Matcha to our delight we introduce you to a new superfood trend

It boasts five times more anti­oxidants than any other tea, fortifies the immune system and is believed to lower cholesterol levels, boost energy and burn calories. Here is why it's good for you, where to buy it and how to make it.

Matcha fine powdered green tea (iStockphoto.com)
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It boasts five times more anti­oxidants than any other tea, fortifies the immune system and is believed to lower cholesterol levels, boost energy and burn calories.

This is matcha, a variety of green tea most commonly used in Japanese tea ceremonies and now a rising superfood trend in the UAE with a dozen cafes and stores already serving it, in addition to leading supermarkets stocking it on their shelves.

Matcha is a powdered tea that completely dissolves in water. Top-grade brands are a vibrant lime-green shade. The lighter-green varieties are swee­ter, with the darker ones more astringent.

Unlike other green teas, the leaves (called tencha) are steamed then dried, not rolled. The leaf veins and fine stems are removed before the leaves are ground into a fine powder.

A steady increase in demand for matcha tea, both as a drink and food item, has been reported by the newly opened Mikado Café in Khalidiya, Abu Dhabi; Argo Tea, which has locations across the country; and Comptoir 102 Café in Dubai.

“Matcha is second to sencha in terms of sales, with customers preferring it over hojicha, kukicha and bancha teas,” says Soham Changrani, restaurant manager of Mikado Café. “They tend to choose iced matcha rather than the traditional hot matcha tea as it has a milder flavour. Our matcha roll cake is also a best-seller.”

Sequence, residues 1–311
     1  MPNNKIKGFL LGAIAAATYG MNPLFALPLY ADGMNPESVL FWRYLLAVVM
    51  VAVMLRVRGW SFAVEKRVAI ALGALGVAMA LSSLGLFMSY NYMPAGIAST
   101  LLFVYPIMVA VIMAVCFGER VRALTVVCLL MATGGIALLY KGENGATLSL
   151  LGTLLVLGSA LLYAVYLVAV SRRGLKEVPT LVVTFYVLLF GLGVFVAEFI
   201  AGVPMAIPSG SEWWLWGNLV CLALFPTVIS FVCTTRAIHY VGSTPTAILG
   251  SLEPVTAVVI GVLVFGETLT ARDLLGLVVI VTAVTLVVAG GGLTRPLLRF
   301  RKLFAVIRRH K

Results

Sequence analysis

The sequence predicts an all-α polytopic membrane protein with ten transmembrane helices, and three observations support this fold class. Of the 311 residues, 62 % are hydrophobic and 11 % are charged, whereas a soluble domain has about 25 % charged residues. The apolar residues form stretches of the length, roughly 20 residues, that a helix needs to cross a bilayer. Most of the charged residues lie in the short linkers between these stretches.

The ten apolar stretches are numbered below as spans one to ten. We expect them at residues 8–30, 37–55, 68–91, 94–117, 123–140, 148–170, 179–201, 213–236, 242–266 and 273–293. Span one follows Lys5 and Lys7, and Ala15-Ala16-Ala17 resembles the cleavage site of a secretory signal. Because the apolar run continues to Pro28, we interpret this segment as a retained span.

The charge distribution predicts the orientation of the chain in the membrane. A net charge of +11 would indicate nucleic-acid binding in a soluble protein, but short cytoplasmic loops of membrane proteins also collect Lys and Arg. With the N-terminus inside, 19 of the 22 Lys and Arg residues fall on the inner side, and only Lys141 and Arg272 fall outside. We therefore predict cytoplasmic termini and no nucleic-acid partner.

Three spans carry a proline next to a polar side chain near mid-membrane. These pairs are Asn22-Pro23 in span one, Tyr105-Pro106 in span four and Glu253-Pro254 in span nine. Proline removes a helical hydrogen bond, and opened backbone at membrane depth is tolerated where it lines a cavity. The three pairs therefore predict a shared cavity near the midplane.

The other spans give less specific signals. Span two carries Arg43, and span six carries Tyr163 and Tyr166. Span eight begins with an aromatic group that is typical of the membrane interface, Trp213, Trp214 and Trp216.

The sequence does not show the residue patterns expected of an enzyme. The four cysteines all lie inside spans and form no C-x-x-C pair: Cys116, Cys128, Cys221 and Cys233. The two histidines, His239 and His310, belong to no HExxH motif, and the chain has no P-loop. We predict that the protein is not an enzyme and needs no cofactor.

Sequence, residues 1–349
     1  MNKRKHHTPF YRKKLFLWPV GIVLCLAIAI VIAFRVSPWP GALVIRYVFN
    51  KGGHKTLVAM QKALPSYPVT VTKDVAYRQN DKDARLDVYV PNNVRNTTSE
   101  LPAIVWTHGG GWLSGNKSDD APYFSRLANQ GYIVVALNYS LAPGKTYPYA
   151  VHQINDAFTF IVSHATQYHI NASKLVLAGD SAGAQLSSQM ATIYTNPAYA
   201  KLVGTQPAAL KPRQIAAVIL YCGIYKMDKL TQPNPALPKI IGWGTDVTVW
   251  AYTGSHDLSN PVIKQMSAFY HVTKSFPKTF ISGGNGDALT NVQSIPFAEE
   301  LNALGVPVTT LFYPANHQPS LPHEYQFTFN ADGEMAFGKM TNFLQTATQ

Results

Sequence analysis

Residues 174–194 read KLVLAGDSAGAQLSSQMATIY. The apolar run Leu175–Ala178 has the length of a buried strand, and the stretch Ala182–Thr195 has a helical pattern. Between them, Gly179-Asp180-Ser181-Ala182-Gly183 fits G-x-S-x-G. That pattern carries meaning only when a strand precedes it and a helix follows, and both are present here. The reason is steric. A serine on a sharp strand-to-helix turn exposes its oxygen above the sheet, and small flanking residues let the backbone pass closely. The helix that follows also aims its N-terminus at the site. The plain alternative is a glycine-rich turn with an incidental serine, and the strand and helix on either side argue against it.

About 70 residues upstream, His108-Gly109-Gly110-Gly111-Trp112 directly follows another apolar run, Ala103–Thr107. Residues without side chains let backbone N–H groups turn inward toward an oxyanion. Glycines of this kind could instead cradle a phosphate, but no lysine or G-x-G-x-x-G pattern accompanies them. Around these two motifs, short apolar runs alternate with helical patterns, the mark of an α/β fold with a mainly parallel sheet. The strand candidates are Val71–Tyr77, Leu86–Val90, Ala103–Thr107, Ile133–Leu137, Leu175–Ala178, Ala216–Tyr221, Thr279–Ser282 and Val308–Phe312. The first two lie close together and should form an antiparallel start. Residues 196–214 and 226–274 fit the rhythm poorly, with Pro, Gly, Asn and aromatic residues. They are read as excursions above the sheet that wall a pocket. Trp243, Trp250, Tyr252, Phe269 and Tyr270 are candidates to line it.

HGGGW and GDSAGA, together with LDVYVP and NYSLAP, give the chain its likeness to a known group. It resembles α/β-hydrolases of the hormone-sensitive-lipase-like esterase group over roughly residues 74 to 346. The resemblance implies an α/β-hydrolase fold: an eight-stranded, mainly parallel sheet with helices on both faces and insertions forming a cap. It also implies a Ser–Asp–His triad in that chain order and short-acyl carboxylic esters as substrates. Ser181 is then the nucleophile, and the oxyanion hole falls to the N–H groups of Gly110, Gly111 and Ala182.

Comptoir 102 Café already has several customers who are tremendously loyal to matcha.

“Not only are they aware of matcha’s health benefits but they enjoy the delicate taste,” says the co-owner Emma Sawko. “We are trying to educate new customers by explaining why matcha is so good, and by also developing new recipes.”

Matcha does contain caffeine, an amount similar to that found in about half a cup of brewed coffee. So how does this correlate with the health benefits?

“Matcha is rich in L-theanine, a rare amino acid that actually promotes a state of relaxation and well-being by acting upon the brain’s functioning,” says Hussam El Batta, senior brand manager for Argo Tea.

“While stress can induce beta waves resulting in an excited, more agitated state, L-theanine creates alpha waves, which lead to a state of relaxed alertness.

“And while L-theanine is common in all tea, matcha may contain up to five times more of this amino acid than common black and green teas. As an additional benefit, L-theanine can help promote concentration without any of the nervous energy found in coffee.”

Brew a cuppa

• Warm a drinking bowl and a whisk with hot water, then tip the water away.

• Measure two-thirds of a teaspoon of matcha into the bowl and gently pour in 60ml water heated to 80°C.

• Whisk briskly to make a foamy liquid.

• Samantha Wood is the founder of the impartial restaurant-review website www.foodiva.net

artslife@thenational.ae

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